Over the past few months, as I’ve let people know about this blog, a few of my older friends have expressed unease – they don’t get what blogging is for. One wonders why I don’t just write a journal and keep it to myself. Another struggles with a sense of disapproval that he can’t quite put his finger on.
When I moved to Los Angeles 12 years ago, I started writing an annual letter home, which I’d photocopy and mail to friends and family. A quaint process it seems now, but not so obviously antiquated back then at the turn of the century. Not everybody liked it. Rumours reached me of two separate recipients refusing to read it. One, I was informed (whether reliably or not, I couldn’t say), used to toss it in the bin unread. The other annually rejected his wife’s offers to read bits of it aloud (I like to imagine him sticking his fingers in his ears and humming). I half understood these reactions. I assumed they were rooted in a feeling that a duplicated letter is somehow fraudulent. What friends write to each other should be personal and spontaneous.
In an essay on the wonderful letters of the American poet Elizabeth Bishop, Tom Paulin writes about this expectation: “Are letters not written… as throwaway, disposable, flimsy unique holographs which aim to flower once and once only in the recipient’s reading and then disappear immediately? The merest suspicion that the writer is aiming beyond the addressee… freezes a letter’s immediacy and destroys its spirit” (Tom Paulin, Writing to the Moment, Faber 1996, p. 216).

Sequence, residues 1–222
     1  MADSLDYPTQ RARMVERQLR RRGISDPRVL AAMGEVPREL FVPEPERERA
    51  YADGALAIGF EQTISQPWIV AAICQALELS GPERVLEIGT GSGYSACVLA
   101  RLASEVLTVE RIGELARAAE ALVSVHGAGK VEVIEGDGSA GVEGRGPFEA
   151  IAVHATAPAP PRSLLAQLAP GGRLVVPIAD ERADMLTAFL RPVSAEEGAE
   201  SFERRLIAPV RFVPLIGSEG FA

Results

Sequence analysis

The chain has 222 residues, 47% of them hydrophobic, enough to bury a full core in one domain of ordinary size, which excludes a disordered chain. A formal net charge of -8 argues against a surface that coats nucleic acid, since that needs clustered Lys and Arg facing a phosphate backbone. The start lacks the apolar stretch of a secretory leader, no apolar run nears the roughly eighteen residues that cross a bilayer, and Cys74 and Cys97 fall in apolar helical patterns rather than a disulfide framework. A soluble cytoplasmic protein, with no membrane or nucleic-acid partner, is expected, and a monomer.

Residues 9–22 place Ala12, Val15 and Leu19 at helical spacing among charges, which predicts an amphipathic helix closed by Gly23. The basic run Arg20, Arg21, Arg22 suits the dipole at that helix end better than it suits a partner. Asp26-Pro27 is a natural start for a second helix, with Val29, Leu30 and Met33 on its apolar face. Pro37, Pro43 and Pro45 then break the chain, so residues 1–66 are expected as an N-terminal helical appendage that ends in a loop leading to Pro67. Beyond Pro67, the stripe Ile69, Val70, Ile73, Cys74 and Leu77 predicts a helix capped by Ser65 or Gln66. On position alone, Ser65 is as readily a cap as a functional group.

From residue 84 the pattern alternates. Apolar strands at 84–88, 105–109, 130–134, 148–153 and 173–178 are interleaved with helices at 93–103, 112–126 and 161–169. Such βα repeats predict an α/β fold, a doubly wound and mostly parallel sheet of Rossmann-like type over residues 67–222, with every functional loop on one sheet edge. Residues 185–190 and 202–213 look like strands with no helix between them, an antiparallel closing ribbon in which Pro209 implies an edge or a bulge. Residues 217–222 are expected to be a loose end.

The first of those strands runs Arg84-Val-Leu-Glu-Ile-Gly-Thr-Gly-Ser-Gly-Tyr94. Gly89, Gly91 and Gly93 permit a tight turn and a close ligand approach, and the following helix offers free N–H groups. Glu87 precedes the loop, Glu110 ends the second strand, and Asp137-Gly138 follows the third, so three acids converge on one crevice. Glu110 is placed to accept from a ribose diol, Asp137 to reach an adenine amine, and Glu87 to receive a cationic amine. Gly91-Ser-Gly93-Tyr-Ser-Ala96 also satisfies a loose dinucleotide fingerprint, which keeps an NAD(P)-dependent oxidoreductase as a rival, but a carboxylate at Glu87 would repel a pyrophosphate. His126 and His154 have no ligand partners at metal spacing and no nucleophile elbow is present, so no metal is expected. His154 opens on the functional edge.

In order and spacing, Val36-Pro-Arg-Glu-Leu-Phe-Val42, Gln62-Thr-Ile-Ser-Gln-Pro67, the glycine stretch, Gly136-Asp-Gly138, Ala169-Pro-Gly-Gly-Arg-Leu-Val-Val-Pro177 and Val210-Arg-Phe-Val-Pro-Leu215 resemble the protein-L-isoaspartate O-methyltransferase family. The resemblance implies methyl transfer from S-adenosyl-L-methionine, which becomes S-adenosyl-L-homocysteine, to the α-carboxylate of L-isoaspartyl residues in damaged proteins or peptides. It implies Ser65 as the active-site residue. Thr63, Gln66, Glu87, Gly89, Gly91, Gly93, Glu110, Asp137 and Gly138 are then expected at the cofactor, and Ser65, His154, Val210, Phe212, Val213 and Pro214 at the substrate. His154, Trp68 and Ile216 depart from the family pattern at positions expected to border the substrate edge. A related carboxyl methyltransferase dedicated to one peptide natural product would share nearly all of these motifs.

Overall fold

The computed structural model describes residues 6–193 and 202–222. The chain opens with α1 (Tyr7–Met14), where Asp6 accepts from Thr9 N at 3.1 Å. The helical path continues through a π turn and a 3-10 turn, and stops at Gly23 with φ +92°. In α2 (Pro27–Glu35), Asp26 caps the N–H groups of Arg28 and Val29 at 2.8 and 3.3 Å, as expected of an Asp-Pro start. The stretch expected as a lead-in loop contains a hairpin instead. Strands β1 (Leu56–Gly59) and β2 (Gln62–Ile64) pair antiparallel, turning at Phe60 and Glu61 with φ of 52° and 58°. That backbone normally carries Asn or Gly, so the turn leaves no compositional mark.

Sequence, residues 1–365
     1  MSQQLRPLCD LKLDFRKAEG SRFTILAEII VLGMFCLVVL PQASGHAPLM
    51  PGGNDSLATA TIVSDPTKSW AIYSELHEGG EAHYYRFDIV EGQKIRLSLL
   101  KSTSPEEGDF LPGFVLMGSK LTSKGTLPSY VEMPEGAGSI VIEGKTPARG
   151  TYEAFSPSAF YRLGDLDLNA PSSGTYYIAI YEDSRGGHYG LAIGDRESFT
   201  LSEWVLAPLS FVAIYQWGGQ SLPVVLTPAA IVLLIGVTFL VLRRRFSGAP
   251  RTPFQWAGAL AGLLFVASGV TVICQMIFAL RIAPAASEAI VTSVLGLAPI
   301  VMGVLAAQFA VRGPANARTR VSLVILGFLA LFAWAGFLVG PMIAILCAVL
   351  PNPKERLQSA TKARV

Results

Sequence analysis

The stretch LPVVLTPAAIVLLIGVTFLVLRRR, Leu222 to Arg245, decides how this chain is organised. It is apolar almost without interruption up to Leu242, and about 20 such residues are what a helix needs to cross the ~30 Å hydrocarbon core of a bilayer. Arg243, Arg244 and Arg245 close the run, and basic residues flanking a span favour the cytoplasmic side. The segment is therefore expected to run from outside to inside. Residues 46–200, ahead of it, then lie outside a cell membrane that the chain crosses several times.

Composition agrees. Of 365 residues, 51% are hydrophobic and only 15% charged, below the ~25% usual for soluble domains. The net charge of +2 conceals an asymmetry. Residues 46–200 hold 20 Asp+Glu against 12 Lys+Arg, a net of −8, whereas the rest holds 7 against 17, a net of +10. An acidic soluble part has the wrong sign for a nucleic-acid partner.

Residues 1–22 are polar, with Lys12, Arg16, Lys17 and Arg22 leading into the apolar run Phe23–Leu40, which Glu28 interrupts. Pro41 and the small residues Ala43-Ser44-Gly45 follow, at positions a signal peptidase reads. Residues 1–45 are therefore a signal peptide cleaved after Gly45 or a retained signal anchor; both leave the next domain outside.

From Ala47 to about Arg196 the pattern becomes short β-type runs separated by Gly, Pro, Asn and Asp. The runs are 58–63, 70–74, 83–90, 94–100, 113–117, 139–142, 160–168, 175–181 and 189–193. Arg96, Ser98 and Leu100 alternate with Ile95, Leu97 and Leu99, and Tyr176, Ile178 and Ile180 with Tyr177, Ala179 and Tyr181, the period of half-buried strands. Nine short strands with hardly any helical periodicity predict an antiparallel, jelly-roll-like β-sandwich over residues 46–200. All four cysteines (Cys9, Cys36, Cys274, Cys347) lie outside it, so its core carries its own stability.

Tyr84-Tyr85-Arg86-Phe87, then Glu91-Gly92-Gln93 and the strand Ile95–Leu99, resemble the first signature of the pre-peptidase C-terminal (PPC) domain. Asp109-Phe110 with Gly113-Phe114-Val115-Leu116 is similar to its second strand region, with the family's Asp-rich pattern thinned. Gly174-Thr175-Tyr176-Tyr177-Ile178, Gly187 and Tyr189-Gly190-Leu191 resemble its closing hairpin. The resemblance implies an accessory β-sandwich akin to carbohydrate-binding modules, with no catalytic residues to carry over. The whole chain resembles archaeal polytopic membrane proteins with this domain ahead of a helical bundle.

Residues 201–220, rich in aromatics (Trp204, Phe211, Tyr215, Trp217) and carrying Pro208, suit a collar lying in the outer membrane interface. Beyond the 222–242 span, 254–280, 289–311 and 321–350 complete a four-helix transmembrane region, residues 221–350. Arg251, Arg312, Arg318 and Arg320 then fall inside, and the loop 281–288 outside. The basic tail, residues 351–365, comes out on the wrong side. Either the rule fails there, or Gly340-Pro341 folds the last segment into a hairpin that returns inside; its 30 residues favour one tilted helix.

Perhaps the discomfort with blogging is related to this. Perhaps it’s an expression of the more general sense that the proper barriers between the private and the public spheres have been eroded. In Malcolm Bradbury’s 1972 novel The History Man, the radical sociologist Howard Kirk is writing a book called The Defeat of Privacy which anticipates this trend. He says, “It’s about the fact that there are no more private selves, no more private corners in society… There are no concealments any longer, no mysterious dark places of the soul. We’re all there in front of the entire audience of the universe in a state of exposure.” What seemed radical thinking in the 1970s – utopian or nightmarish according to your point of view – now sounds like an ordinary day in the world of Facebook and Twitter.
In fact, with lots of people updating their status hourly, the weekly composing of a blog post seems, in comparison, positively sedate, even old-fashioned. The technology would have been unimaginable to an Elizabethan pamphleteer or an eighteenth century essayist, but the impulse to develop a thought in public would surely have been recognised. I grew up, before the invention of the internet, with people who were forever firing off letters to the local newspaper, or the town council, or haranguing whoever would listen on whatever seemed important to them at the time.
I’m not unsympathetic to the anti-blog arguments, starting with the fact that there are probably more people writing them than reading them. On the other hand, here are five things a blog won’t do:
Trap you in a corner at a party.
Interrupt your evening with a loud ringing noise.
Stop you from sleeping on the train.
Drive you from the dinner table in tears.